However, I do think the story may have been a bit stronger if it was set at a culinary tertiary institution rather than private high school. As an Australian, I don’t know much about how schools work in America outside of TV show and films but in Oz we also have specialised schools such as performing arts high schools. However these are co-curricular schools, students undertake their performance classes in conjunction with their regular schooling, with maybe the performance curriculum taking up only one day a week.
But while playing through the game it felt like all they studied was cooking, there was no other content (no maths, science, history). All classes, assignments and exams were centred around cooking. As I was playing through I even started thinking they were at a university or college and would be reminded when they started talking about going to university in a few years. However, again, I don’t know how specialist schools work in America and it could be a very accurate representation of what it is like. But for me, I just felt the structure of their studies would make more sense in a tertiary context. Also, truth be told, now that I’m getting older I’m not as big a fan playing games in a high school setting.
Unfortunately while I adored most of the game’s cast I did find that Geoffrey walked a very fine line between being funny and being a nuisance. In the aforementioned lab visit chapter, the lab representative prepares a sample of lab grown meat for the characters to try. He also mentions that each sample can cost thousands of dollars. While the others are excited to try it out Geoffrey starts saying he doesn’t want to try it, he only finally does when someone tells him to pretty much “do it for the ‘gram” [note: he’s not a vegetarian nor a vegan, he does eat meat in the game]. Throughout the tour he also makes borderline snarky comments about the lab’s work. I’m gonna be harsh here, but the whole time I read this chapter all I could think of is what a brat he was. There’s a few other moments throughout the game where he just acts very immature and I just wanted him to go away so I could enjoy the story with the other characters!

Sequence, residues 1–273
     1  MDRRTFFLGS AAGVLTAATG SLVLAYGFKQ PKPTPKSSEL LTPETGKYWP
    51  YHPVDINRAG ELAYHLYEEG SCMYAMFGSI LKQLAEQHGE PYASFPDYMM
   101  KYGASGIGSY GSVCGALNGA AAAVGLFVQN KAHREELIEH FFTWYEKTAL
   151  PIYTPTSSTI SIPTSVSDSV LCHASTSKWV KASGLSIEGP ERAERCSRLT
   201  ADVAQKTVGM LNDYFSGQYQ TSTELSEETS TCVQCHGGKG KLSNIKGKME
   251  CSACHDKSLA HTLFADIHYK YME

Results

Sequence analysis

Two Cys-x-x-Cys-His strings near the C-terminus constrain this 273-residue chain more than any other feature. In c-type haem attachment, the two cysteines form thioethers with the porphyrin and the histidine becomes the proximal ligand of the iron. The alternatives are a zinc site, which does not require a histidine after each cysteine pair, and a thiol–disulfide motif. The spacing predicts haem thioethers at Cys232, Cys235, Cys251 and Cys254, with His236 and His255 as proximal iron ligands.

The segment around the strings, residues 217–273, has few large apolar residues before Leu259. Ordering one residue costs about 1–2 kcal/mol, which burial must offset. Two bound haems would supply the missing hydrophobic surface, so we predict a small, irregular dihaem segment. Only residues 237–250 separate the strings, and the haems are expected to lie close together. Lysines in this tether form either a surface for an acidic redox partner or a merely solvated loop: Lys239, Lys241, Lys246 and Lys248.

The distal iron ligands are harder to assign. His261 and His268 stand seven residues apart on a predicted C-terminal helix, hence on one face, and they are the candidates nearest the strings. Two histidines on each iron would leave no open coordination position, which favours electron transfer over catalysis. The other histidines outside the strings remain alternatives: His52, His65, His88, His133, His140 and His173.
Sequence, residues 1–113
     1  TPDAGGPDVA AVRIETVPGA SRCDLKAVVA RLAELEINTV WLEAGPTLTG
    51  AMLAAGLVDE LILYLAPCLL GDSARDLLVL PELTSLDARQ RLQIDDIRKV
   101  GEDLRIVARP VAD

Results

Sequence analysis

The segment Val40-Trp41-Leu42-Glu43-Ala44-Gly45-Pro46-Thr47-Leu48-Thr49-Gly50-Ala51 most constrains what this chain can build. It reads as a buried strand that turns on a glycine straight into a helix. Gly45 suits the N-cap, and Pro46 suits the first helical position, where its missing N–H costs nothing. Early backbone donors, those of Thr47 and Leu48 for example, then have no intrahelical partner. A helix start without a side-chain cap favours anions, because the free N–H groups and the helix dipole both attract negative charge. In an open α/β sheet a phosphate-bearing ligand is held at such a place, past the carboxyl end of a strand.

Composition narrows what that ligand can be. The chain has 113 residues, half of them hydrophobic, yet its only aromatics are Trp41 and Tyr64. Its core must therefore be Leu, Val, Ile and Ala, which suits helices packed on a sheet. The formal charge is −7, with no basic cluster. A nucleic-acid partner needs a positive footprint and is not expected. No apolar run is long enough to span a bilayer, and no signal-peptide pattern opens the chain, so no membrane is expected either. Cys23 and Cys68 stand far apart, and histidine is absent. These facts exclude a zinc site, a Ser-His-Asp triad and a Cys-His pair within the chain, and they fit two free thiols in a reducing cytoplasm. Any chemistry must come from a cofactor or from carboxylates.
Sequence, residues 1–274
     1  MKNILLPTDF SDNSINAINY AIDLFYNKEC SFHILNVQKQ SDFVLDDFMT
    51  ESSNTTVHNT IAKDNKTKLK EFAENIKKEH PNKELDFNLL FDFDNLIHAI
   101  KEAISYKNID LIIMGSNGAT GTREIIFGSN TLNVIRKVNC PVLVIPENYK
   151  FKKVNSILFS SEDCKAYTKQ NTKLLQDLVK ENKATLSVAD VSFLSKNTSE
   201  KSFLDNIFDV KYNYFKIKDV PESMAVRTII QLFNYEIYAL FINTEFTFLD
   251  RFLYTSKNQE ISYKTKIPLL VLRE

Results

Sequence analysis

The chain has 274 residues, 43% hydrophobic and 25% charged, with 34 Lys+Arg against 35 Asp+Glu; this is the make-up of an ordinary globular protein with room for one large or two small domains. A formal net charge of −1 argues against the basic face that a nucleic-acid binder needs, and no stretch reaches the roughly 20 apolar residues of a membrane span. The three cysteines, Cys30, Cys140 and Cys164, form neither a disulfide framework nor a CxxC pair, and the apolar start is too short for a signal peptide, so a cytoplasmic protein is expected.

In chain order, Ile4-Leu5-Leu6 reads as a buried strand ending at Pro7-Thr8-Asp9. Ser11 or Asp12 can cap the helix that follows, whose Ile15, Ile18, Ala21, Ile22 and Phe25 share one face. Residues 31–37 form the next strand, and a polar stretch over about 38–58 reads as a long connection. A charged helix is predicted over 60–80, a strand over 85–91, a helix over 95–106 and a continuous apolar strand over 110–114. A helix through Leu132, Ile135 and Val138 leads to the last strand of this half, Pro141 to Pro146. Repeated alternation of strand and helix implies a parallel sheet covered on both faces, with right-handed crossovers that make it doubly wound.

Some other very small issues I noticed was that while the game does allow you to have multiple save files (which is fantastic) it doesn’t seem like you can skip read text. While playing I also came across one or two scenes that I found didn’t follow on from one another or seemed a bit shoehorned in. For example in chapter 5, the characters visit Tyler’s family’s cafe. While there Tyler and Leo head off somewhere and Geoffrey spies on them. A minute later he comes back very excited and says “you won’t believe what I just saw”, but says he’ll tell the MC and Jaime later. By chapter 8 this was never brought up again.
In chapter 8 there’s a scene where all the boys and MC are cooking in the kitchen, as the chapter progresses MC has time with each boy. In some moments the boys talk to one another so I had the impression everyone was in the kitchen together. Towards the end of the chapter things get a little heated between MC and Tyler, and all I could think of was MC snuggling Tyler while her side-boys watch on in horror. Just maybe one or two sentences to clarify certain parts would be fantastic.
Overall, I was very impressed with Nochi Studio’s game. The story was not only enjoyable to read but I also learnt a lot about the culinary industry. There were some small issues I had with the game, and I do hope that in future chapters Geoffrey matures as a character. But, I’m definitely looking forward to what Nochi Studios cook up next!
Thank you Studio Nochi for providing me with a copy of the game to review.